If you read over the Google Quality Guidelines, you will find that Google is seriously cracking down on unnatural links. Some webmasters and website owners are receiving notifications that there are unnatural links leading to their website and they are given a specific amount of time to fix the problem before it severely affects website ranking.
But what is an unnatural link?
Google defines an unnatural link as being links that are not editorially placed or vouched for by the owner of the website the links were placed on (such as links placed in the comment section of a random news story). Two of the most common reasons for unnatural links are when someone shares your website link on a page outside of your page’s niche or when site owners try to manipulate their site rankings with self-made links.
But here is something to think about:
Practically any link that you create with the intention of improving your website’s ranking can be considered unnatural to the search engine, especially if Google considers it to not be “editorially placed.”
Here are Google’s guidelines more in depth:
- Exchanging money for posts or links – Yes, these are considered unnatural links. Exchanging money for a link is not a true vote for the site.
- Exchanging goods or services – Also not a true vote for the website. If you send someone a product and ask them to write a review about it, it is still going to count as an unnatural link although the reviewer is vouching for the product.
- Excessive link exchanges – “Link to me and I’ll link to you” used to work, but it doesn’t work so much nowadays. Now a realtor cross linking with a real estate lawyer will not necessarily constitute an unnatural link, but having a section on the site that has hundreds of cross links is going to get flagged.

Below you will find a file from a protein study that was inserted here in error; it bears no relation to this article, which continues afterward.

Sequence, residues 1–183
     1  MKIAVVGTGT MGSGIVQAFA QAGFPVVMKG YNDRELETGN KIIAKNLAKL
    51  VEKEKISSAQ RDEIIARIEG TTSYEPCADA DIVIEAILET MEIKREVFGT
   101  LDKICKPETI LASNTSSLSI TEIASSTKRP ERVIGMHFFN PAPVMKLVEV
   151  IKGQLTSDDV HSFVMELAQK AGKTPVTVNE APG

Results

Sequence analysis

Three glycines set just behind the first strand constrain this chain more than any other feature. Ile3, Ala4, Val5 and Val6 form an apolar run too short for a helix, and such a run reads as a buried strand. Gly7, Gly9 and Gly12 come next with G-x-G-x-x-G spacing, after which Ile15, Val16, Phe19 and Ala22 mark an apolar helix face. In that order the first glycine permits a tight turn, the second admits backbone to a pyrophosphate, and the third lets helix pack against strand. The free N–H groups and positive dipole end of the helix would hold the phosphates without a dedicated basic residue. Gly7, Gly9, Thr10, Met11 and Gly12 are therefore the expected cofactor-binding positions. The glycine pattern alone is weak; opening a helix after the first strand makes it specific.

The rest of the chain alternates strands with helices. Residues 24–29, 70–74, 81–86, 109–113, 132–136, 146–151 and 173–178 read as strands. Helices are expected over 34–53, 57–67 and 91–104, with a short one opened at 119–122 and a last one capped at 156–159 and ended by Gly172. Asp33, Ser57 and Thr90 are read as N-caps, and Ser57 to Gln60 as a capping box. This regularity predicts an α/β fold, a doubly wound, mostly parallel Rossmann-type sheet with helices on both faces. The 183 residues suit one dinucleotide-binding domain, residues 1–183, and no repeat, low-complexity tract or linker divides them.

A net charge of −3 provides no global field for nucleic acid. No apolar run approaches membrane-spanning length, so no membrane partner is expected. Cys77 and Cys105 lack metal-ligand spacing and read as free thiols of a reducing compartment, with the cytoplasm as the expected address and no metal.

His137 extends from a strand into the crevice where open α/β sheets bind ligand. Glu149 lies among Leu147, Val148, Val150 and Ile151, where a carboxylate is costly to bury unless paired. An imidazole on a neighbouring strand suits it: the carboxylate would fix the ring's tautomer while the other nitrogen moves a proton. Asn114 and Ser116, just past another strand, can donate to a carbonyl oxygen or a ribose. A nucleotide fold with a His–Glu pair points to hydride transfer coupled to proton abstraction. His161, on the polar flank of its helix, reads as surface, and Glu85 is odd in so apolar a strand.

- Too much anchor text – Article marketing or guest blog posts with excessive anchor text links. Guest posting to get a link out there is fine, but recycling the same article over and over to get as many guest posts out there as possible can affect quality thresholds.
- Automated programs – Google picks up on this one rather quick and it does not require much of an explanation.
These are just some of the unnatural link examples that are highlighted in the Google Quality Guidelines. Others include links that are embedded into widgets distributed across a number of sites, low quality bookmark site links, links in footers of various sites, and forum comments with links in the signature lines. The list can go on and on.
The good news is that unnatural links can be eliminated or Google can be told through Google Webmaster Tools to not pay attention to those links, but this does have to be done manually. When you have opted for professional web design, any link notifications can be taken care of or you can ask your web designer about any links that have been produced and how to deal with it.